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Handling marina emergencies effectively

By Tom Mukamal

What do all marinas share in common? Power cables, gasoline, water, lots of people and a frequently aging infrastructure. Additionally, many marinas have coastal areas prone to natural disasters and most marinas are accessible by the public.

In short, we are all exposed to a broad and often unpredictable array of emergency situations. At IGY Marinas, we have dealt with natural disasters such as hurricanes and floods to man-made emergencies such as fuel spills and fires to a broad range of security breaches in fairly remote locations. No two have been the same. So, while the emergency spectrum varies, it’s vital to ensure that the proper measures and best practices are put in place to limit injury, property damage and reputational damage in the event of any marina incident.

What are your emergency response plans?

While all levels of staff – including marina employees, local authorities and vessel crew – undergo extensive emergency response training, it is important for team members not to forget their roles, responsibilities and standard protocols. Due to the fact that all parties train separately, it can be difficult to adequately prepare for contingencies that can occur in an emergency, thus providing opportunity for confusion. This is when developing written response plans and adhering to your designated emergency response plan is so crucial during a critical time.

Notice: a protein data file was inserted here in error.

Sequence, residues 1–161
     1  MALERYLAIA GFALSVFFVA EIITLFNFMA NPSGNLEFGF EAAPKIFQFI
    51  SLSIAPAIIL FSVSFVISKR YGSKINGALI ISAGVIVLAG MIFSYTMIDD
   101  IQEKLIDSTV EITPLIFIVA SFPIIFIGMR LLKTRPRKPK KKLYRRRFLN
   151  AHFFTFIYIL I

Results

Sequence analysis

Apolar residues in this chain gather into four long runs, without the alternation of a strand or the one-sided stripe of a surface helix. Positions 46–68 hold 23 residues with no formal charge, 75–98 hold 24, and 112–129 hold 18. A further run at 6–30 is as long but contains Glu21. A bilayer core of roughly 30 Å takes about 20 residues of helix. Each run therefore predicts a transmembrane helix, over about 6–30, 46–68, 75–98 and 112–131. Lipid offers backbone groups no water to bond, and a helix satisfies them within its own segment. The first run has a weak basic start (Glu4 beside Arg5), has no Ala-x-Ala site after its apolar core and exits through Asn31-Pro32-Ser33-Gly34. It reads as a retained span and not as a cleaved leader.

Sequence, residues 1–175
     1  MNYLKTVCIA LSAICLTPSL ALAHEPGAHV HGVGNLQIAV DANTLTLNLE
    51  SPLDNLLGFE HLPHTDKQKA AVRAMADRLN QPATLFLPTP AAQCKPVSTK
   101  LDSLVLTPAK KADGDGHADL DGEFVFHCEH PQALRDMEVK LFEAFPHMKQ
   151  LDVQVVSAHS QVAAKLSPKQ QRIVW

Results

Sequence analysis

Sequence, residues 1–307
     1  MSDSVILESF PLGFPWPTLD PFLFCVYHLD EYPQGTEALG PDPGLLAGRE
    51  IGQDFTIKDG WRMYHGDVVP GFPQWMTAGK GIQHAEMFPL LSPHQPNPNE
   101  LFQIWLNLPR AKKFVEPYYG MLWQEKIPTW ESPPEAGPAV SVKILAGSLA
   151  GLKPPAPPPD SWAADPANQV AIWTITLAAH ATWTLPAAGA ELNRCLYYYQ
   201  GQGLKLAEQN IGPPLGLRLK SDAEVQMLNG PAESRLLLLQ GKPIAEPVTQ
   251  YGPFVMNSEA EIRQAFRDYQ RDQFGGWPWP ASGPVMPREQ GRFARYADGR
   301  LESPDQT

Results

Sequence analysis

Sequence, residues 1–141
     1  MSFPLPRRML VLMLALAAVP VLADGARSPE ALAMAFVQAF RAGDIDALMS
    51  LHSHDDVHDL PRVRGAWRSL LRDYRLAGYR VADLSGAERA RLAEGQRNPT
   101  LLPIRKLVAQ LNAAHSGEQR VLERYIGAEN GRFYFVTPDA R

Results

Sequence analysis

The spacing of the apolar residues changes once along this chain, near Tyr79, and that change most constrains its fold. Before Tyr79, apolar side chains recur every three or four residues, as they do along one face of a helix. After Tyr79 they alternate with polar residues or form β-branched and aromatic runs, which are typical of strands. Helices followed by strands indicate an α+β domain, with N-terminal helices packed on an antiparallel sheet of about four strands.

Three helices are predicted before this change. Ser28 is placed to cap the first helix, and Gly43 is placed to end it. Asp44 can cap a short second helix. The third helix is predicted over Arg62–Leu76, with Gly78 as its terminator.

From ensuring safety equipment is properly working to following your well-established checklist of rapid response procedures, it is important that your team remains focused on their specialized roles before, during and after an emergency event. Plans should be revisited frequently, in particular to adapt to the ever-changing nature of emergencies, including natural disasters, fires or security breaches. It is also a great idea to make investments in your marina personnel to get advanced training in fire safety, CPR, ISPS, conflict resolution and more. There are a host of live and online training courses, which are accessible and relatively inexpensive. Aside from providing opportunity for your staff, this type of advanced training can lower insurance premiums and provide carriers, lenders and partners alike with greater comfort.

Implementing theoretical drills

Once your team has developed a well-established emergency response plan, it is imperative that your marina ensures every party follows its designated training. A great way to achieve this is by frequently conducting theoretical drills, as they serve as great training methods for real-time situations. These unique programs provide incredible insight, immersing all teams in multiple emergency situations where you can review their actions collectively and evaluate key learnings and strategies for improvement. Teams cannot get complacent.

Improving communication

As a result of our industry being so niche, we have the luxury of establishing incredible relationships with vessel owners, captains and crew members. Engaging with them on a regular basis is important, as we can never stop learning and improving our operations. One unique way to do this is by holding multiple Captain’s Briefings throughout the year. Yacht Club at Isle de Sol and Yacht Haven Grand have seen great success with these special meetings, as it has allowed all parties – from marina staff to captains and crews – to share information in order to better define and better align on roles and responsibilities during emergency situations. Additionally, an active forum or blog can also serve as a means of communicating effectively, as it provides an ongoing discussion for success stories, new methods for rapid response actions and more.

Tom Mukamal serves as CEO of IGY Marinas. For more information on IGY Marinas or its collection of marina destinations, visit www.IGYMarinas.com.

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